Congressional aides announced yesterday that the House of Representatives is expected to pass a cybersecurity bill today with support from both Republicans and Democrats. The bill, the National Cybersecurity Protection Act, will push private companies to share access to their computer networks and records with federal cyber crime investigators.


Last month the House Intelligence Committee unanimously passed the bill. That was somewhat of a surprise given that the bill has been years in the making. A bipartisan effort in 2012 failed twice over concerns—including from the White House—that the private sector would be too burdened with the legislation and that such a bill may jeopardize the privacy rights of consumers. The current bill, however, is expected to pass with bipartisan support because it will increase liability protections for the private sector, which fears lawsuits for sharing customer information.


“I very much present this that accomplishes that balance of facilitating the sharing of cyberinformation, cyber threat indicators, to make our personal and business information safer on the networks,” says Rep. John Ratcliffe, R-Texas, who helped write the bill. “At the same time, this bill very much ensures that people’s privacy is protected.”


The difference over the years is that the nature and severity of cyberattacks has changed. Last fall, the attack on Sony Pictures, which the FBI blamed on the North Korean government, prevented the wide release of a comedy portraying the assassination of North Korea’s leader, Kim Jong-un, as a New York Times article points out. Early this year, healthcare company Anthem reported a major breach that exposed the records of nearly 80 million people. Just last week, Target agreed to reimburse MasterCard $19 million for losses associated with the theft of 40 million credit and debit card numbers from its computer network in December 2013.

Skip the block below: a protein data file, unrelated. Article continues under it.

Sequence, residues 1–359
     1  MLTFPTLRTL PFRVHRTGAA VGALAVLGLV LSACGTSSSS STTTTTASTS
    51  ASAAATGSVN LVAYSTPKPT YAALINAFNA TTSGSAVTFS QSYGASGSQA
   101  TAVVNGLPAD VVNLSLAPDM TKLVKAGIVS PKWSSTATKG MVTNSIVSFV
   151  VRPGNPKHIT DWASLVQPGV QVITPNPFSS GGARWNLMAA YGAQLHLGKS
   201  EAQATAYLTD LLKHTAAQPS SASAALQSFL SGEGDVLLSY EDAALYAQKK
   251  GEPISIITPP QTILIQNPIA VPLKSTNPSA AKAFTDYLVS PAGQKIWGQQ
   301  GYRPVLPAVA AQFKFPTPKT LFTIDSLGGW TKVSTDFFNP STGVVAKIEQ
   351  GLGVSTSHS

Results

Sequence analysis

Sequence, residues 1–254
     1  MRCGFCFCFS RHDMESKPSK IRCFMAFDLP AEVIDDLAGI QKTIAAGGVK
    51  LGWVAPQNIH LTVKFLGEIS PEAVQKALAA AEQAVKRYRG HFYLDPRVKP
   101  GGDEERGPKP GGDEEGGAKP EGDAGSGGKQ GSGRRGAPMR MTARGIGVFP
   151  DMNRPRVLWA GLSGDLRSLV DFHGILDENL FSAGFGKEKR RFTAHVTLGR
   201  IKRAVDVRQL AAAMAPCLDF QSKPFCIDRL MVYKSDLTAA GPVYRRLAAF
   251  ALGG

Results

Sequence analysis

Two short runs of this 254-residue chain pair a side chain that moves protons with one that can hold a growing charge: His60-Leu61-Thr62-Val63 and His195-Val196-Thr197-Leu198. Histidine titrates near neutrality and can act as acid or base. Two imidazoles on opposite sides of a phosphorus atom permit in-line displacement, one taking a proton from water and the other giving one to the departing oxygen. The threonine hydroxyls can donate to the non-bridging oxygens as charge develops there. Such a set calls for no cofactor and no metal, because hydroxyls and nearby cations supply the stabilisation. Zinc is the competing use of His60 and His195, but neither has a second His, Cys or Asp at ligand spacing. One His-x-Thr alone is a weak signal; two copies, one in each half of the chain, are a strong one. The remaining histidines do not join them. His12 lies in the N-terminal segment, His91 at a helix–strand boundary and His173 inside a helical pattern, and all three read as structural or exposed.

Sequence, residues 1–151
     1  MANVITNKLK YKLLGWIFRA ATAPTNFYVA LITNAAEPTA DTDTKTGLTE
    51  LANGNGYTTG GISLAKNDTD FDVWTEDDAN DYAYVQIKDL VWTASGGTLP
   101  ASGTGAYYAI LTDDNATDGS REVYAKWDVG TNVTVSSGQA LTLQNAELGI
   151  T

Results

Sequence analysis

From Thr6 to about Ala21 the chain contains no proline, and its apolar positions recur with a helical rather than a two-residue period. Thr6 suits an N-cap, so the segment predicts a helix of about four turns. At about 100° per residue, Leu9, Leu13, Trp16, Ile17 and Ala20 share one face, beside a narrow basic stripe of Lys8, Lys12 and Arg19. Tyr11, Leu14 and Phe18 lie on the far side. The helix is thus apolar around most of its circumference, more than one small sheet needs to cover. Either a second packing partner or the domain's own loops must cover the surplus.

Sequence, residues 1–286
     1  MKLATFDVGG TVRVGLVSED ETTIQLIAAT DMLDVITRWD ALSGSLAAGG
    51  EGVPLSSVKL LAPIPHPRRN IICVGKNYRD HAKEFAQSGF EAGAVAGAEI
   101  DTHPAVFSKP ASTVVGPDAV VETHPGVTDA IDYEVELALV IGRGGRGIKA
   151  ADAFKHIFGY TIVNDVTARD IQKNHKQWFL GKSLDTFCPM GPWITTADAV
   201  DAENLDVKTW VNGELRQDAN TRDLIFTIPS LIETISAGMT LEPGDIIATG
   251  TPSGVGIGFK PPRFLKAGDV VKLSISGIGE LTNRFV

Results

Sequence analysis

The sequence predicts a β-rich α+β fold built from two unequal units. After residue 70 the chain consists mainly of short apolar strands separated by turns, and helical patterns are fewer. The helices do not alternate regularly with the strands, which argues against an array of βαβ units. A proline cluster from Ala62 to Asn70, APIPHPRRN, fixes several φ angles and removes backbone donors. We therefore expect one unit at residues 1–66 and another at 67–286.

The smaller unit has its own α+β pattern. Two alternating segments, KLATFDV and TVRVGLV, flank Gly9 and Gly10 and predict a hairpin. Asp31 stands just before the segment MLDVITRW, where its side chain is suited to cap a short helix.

The current House bill would provide legal liability protections for companies that share cyberthreat information with one other or with the government. But negotiators added what they see as critical privacy protections. If a company shares information with the government, it would receive liability protection only if its data undergoes two rounds of washing out personal information—once by the company before it gives the data to the government and another round by the government agency that receives the data, the New York Times article reports. What’s more, the data would first go to a civilian agency, not the National Security Agency or the Defense Department, for that scrub.


President Barack Obama’s administration supports the passage of the current cybersecurity protection bill, but states that “improvements to the bill are needed to ensure that its liability protections are appropriately targeted to encourage responsible cybersecurity practices.” The administration also notes that adding the bill’s liability protections may “remove incentives for companies to protect their customers’ personal information.”


The Obama administration isn’t alone in voicing hesitation regarding the current bill. Some privacy advocates strongly oppose the legislation, saying it would do too little to prevent more data collection by the National Security Agency and other U.S. intelligence agencies, a Reuters article reports. Such surveillance has come under scrutiny since 2013 disclosures by former NSA contractor Edward Snowden.


Be all of that as it may, some corporations have been calling for Congress to extend legal liability protections so they can more easily share data with the government to help prevent and respond to cyberattacks. For example, several major companies, including Microsoft, Lockheed Martin and Morgan Stanley, had pushed for a threat-sharing bill.


What are your thoughts on cybersecurity and the supply chain? How much of a concern is it for you?